Research on advanced therapies and immune systems have helped clinicians understand more about how to improve treatments for multiple sclerosis.
This content was courtesy of Allegheny Health Network.
A significant AHN study shows that evolving medicine delays MS
Allegheny General Hospital (AGH) physicians’ landmark study proves that advanced therapies and disease education have slowed down multiple sclerosis (MS). The AGH report is one of the longest running and most detailed studies about MS. Titled "Outcomes in a Modern Cohort of Treated MS Patients Followed from Diagnosis up to 15 Years,” it was published in the December issue of the International Journal of MS Care.1
"In the field of MS research, the most widely cited natural history studies involve the pretreatment era of a patient’s journey. The publication of our work is an exciting advancement in the world of MS care as it provides insight into better outcomes over the past few decades,” said Thomas Scott, MD, AHN neurologist and chief researcher of the 15-year study.
"The improvement is in part due to our ability to incorporate new therapies that improve
a person’s quality of life and slow progression rates.” – Dr. Scott
MS is a chronic condition where the body’s immune system mistakenly attacks the sheath (myelin) covering nerve fibers in the brain and spinal cord. The damaged sheath slows or blocks electrical signals from reaching the eyes, muscles, and other parts of the body.
Disease symptoms can include vision problems, tremors, unsteady gait, and numbness or weakness in one or more limbs. Most people have periods of intermittent disease remission or improvement. In the long-term, some may become disabled from weakness and loss of motor functions.
The 184 patients in the study were treated at the AGH MS Treatment Center from 1989 through 2006. Doctors examined most of the patients yearly from initial diagnosis through an average of 13 years. Outcomes were based on the expanded disability status scale (EDSS) ranging from 0.0 of “no disability” through 6.0, which indicates "the use of a cane or crutch to walk roughly 100 meters.” It took about 10 years for 25% of the patients to reach 3.0 of “moderate disability,” and about 17 years for 25% of patients to reach an EDSS of 6.0.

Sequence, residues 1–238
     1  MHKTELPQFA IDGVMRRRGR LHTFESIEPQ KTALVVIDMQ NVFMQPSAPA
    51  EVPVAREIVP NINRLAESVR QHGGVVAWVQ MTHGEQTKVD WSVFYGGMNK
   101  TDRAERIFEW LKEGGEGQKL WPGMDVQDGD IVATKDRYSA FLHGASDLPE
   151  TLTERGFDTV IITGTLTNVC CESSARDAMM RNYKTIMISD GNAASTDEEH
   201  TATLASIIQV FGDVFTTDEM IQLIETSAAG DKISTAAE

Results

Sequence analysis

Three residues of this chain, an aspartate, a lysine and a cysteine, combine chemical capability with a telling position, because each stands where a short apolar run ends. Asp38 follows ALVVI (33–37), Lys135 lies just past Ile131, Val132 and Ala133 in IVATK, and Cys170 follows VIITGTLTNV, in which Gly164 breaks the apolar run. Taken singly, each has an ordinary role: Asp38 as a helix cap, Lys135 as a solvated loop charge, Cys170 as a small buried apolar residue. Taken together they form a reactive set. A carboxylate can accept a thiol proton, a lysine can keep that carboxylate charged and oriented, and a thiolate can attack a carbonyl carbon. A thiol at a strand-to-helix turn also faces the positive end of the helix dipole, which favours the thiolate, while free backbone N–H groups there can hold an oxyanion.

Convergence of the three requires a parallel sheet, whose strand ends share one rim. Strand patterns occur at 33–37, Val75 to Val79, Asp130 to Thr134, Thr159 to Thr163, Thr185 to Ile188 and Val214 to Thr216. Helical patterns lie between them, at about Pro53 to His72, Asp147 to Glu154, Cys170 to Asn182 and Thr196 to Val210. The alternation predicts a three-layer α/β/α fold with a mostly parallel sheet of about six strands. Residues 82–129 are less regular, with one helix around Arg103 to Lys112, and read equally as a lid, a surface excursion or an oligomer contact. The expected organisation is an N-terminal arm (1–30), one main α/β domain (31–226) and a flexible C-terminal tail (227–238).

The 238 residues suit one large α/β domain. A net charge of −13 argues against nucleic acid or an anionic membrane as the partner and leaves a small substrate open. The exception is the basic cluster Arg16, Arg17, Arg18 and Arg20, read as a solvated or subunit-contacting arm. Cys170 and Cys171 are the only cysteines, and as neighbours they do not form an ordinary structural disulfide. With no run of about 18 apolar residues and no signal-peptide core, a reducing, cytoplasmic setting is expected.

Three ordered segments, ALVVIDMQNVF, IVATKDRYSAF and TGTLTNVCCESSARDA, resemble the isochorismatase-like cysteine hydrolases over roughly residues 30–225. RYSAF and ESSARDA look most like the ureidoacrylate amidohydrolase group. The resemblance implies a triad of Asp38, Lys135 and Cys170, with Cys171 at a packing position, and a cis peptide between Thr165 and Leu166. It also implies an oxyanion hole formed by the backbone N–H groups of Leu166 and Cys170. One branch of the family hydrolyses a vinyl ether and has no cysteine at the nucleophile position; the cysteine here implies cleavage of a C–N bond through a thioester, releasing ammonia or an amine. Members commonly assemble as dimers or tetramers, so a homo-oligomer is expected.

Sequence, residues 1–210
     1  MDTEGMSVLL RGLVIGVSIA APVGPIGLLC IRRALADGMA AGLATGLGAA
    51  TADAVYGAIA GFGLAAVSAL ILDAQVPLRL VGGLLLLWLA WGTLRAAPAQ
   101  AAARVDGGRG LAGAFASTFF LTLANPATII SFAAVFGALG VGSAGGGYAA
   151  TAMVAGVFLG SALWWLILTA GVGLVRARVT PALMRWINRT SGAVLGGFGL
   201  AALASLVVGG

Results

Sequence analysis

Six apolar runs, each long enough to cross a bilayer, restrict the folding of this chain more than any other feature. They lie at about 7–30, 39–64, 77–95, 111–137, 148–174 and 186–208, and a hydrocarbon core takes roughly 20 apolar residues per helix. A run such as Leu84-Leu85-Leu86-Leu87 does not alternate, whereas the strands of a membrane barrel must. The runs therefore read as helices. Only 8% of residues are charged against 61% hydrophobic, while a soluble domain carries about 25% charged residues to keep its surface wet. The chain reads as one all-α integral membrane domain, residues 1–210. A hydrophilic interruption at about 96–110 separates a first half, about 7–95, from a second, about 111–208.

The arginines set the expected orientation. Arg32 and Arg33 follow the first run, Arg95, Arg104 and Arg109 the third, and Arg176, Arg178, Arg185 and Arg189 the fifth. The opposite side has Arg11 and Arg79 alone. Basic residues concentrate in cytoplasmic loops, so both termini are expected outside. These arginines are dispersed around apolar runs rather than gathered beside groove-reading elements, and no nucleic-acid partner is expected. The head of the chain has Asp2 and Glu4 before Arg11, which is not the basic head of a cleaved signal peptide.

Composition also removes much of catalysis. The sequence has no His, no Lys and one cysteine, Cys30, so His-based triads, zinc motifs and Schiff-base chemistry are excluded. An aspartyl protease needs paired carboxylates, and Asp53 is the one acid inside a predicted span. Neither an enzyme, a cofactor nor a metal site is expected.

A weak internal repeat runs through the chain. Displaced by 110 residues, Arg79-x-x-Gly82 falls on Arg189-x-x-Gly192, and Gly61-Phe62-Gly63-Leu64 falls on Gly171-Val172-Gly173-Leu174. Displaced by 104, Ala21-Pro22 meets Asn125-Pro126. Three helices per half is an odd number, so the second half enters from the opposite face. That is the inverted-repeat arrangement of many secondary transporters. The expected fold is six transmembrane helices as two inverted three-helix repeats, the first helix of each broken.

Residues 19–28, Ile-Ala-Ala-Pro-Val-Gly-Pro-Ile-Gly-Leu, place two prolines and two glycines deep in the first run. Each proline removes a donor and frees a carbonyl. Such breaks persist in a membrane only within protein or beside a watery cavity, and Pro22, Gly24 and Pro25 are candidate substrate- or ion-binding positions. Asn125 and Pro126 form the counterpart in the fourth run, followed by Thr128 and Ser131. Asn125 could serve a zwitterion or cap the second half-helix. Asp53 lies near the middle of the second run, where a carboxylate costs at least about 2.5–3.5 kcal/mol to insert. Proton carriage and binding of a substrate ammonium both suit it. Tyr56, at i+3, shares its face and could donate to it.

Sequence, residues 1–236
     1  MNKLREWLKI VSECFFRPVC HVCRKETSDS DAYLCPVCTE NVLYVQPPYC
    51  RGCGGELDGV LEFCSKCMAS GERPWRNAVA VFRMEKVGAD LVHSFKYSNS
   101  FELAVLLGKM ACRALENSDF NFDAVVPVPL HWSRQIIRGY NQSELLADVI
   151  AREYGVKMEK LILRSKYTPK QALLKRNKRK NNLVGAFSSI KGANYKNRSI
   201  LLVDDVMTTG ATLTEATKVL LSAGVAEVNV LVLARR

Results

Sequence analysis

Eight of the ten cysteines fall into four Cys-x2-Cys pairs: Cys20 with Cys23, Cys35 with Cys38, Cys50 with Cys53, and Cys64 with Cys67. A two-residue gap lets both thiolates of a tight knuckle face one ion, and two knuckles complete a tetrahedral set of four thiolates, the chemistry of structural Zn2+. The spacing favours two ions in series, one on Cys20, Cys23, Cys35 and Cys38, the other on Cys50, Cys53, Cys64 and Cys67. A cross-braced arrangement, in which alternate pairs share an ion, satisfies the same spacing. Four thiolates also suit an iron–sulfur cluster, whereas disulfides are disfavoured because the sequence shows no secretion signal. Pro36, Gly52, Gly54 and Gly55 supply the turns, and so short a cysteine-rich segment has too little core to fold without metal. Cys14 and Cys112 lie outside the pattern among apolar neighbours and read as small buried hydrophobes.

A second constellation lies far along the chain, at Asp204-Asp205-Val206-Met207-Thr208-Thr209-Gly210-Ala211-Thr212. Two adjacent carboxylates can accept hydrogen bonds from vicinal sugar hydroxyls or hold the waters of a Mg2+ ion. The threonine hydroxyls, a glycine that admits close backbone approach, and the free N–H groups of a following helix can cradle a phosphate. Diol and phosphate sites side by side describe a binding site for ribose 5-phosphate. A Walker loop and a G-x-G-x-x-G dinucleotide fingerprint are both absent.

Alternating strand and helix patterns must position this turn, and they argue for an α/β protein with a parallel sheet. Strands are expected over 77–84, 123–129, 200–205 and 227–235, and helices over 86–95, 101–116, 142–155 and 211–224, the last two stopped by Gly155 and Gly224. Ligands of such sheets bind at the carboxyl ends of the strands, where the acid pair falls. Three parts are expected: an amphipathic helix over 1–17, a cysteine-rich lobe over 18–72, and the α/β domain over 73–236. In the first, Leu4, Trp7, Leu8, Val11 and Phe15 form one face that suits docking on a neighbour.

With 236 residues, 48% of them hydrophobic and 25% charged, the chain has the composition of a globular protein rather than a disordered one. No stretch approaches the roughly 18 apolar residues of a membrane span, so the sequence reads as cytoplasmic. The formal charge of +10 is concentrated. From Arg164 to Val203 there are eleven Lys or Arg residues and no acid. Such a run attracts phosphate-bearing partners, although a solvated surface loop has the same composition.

"For patients who were observed throughout the duration of the study, we looked at them until they reached about 50 years old," Dr. Scott said. "At that time, just under 20% had become cane dependent needing support to walk more than one or two blocks. From a bird’s eye view, it looks like general progression of the disease has slowed, and far fewer patients are ever disabled, thanks to advances in clinical therapies, education, and resources.”
New knowledge of immune systems helps change MS treatments
The breakthrough findings come on the heels of a related study published earlier this year by Dr. Scott’s group. Titled, “Multiple sclerosis relapses contribute to long-term disability,”2 it highlights how immunotherapy reduced MS relapses.
The study also claims that prior studies may have overemphasized the role of slow progressive degenerative changes compared to autoimmune flares. Incomplete recovery from these relapses was the predominant type of worsening seen in the earliest years. And although it eventually declined, it remained an important cause of disability throughout the first 15 years from initial diagnosis.
"Together, our studies share an important voice in the ongoing conversation classifying MS as a predominantly autoimmune condition instead of a degenerative one. Through these findings, we begin to open a larger window of opportunities for clinicians to better understand and treat patients," Dr. Scott said. "For patients and their loved ones, I think we’re also shedding more light on the disease, which can lend to a healthier peace of mind and hope for a promising future."
In addition to Dr. Scott, other AGH researchers and MS specialists who contributed to the study include Troy Desai, MD; Chris Hackett, MS; Edward J. Gettings, MD; Teresa Hentosz, BS; Wisam Elmalik, MD; and Carol J. Schramke, PhD.
"We are committed to advancing the frontier of disease management for complex heath conditions through innovative research and early adoption of technologies and therapies that are life-changing for patients," said Donald Whiting, MD, AHN chief medical officer and chair of the AHN Neuroscience Institute. "We applaud the work of this exceptional team led by Dr. Scott. Together, they are enhancing our understanding of MS and setting the stage for ever improving treatments that offer new hope for those who develop it."